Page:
SWARM welcomes a vote by BMA junior doctors to support the decriminalisation of sex work. At Saturday’s conference in London, a motion calling for decriminalisation passed by a large margin, meaning junior doctors now stand in agreement with organisations like the World Health Organisation (WHO), UNAIDS, the UN Special Rapporteur on the Right to Health and Amnesty International.Read More
On Saturday, members of SWARM attended the Shut Down Yarls Wood protest. We stand in solidarity with migrants being detained in detention centres across the UK against their will. We stood as a sex worker bloc alongside the trans sex worker organisation, Sex Worker and Trans, to ensure that sex worker voices are visible and recognised within the fight for migrants’ rights.Read More
Today, on International Workers’ Day, Sex Worker Open University (SWOU) is re-launching as Sex Worker Advocacy and Resistance Movement (SWARM).
As sex workers, we understand how vital it is that we advocate for ourselves on the issues that affect us and and build solidarity with other marginalised or criminalised communities. And we need a strong, organised resistance movement to fight the threats we face.Read More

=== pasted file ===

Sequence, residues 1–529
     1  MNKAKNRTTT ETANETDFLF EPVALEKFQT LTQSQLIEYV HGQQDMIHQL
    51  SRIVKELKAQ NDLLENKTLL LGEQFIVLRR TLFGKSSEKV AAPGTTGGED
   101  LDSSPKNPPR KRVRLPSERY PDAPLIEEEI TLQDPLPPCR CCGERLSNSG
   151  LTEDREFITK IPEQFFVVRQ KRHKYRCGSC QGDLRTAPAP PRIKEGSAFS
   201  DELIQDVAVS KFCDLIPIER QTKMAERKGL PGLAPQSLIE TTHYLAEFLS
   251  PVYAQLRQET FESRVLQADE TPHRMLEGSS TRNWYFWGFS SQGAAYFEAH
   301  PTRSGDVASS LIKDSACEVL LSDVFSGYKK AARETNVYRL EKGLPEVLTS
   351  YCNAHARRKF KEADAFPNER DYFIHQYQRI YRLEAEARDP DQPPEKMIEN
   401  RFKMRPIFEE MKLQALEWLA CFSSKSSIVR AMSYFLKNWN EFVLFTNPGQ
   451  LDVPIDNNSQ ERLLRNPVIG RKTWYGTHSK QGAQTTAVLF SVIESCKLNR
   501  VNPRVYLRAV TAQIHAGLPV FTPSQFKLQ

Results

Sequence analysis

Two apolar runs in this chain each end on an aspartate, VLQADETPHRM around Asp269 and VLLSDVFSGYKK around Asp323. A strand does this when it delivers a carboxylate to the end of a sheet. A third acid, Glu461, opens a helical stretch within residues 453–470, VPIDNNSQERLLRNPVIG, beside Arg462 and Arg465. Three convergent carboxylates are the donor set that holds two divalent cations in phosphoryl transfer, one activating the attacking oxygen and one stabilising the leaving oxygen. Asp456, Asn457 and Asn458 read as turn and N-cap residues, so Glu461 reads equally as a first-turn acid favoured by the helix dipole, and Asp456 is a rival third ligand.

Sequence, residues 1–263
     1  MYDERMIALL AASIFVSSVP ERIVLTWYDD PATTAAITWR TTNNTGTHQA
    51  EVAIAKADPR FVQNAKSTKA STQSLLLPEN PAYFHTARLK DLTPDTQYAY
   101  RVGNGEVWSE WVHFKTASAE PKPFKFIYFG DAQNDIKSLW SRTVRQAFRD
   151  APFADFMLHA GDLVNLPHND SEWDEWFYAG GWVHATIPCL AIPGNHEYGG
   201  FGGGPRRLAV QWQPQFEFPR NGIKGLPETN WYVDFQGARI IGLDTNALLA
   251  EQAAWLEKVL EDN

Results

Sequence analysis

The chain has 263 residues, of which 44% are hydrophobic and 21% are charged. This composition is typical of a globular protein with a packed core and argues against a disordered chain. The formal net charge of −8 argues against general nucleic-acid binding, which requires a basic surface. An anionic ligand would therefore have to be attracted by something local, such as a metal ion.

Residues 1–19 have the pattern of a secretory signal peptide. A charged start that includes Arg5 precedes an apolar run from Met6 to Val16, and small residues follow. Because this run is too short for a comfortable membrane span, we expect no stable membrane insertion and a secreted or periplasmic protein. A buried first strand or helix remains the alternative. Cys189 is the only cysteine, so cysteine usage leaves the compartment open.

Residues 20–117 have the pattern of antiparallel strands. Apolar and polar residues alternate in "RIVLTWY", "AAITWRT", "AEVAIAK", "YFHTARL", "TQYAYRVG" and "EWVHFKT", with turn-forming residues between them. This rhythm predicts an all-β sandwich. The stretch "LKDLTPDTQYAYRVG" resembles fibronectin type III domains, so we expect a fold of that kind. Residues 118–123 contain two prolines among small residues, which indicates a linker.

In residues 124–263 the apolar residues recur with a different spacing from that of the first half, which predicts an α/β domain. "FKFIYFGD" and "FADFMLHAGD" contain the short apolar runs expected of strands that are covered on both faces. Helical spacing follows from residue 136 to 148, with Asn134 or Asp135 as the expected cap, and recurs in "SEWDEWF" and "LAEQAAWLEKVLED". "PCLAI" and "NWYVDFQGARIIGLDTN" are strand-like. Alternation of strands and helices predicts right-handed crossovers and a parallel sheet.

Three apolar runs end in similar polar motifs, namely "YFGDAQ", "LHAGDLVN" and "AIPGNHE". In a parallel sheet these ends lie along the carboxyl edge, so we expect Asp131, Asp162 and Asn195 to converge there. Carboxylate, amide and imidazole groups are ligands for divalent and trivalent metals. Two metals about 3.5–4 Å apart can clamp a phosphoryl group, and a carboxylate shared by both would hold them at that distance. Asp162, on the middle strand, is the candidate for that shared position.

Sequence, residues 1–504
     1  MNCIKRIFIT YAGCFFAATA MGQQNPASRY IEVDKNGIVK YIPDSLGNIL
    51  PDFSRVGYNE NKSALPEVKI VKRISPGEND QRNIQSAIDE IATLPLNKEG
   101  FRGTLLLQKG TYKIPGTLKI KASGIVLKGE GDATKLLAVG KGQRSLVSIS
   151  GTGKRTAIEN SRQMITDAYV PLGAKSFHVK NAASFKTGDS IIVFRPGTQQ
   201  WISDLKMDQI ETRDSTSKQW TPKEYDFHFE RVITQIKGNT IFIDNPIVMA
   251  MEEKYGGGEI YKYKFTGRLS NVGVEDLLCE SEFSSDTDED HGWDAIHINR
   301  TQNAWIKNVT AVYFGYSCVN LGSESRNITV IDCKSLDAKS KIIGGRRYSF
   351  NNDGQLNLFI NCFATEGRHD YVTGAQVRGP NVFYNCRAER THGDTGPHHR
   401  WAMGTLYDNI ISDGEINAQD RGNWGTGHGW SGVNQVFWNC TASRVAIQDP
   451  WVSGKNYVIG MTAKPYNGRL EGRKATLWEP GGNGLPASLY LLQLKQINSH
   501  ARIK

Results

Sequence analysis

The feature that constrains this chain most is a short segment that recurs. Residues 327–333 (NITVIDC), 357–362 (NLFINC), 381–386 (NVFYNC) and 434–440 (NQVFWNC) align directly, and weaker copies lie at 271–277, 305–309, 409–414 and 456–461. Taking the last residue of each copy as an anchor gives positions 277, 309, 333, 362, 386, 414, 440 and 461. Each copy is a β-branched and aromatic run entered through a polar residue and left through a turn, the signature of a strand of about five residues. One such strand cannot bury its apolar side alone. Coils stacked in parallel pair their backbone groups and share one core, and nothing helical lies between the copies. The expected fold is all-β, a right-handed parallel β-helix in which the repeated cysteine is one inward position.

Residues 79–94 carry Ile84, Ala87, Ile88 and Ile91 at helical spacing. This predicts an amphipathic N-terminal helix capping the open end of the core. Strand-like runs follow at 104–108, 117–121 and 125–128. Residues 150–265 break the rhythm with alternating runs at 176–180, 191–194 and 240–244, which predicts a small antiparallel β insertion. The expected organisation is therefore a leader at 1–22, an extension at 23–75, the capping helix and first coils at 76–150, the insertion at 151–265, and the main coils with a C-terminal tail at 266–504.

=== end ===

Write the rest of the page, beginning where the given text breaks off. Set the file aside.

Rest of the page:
The news that police forces across England and Wales have have an endemic problem of officers abusing vulnerable or marginalised people, particularly people experiencing domestic violence, people who use drugs, sex workers, and people who have been arrested, is sadly no surprise to SWOU. Many sex workers fall into several of the above categories, and know from experience that contact with the police spans a spectrum from fear-inducing to abusive.Read More
We decided to create this small zine to give a little space for survivors sex workers like ourselves to share their stories, analysis, and testimonies… Our lives are complex and often hard to put in to words due to the stigma, shame and guilt associated to both sex work and (sexual) abuse. And what sometimes makes it even harder are these un-nuanced discourses and debates on sex work and prostitution: Happy hooker or victim. Empowered or abused. Always one or the other. Never both, never neither.
Nothing is that simple.
So long as a person does not sell sex, her poverty is acceptable to these campaigners. Well, as sex workers, we have a moral objection to poverty. Poverty is objectifying, demeaning, and coercive. A society that accepts poverty or finds poverty inevitable does not respect women. Poverty is a form of violence, a violence that disproportionately affects marginalised people. Poverty cannot be made safe.Read More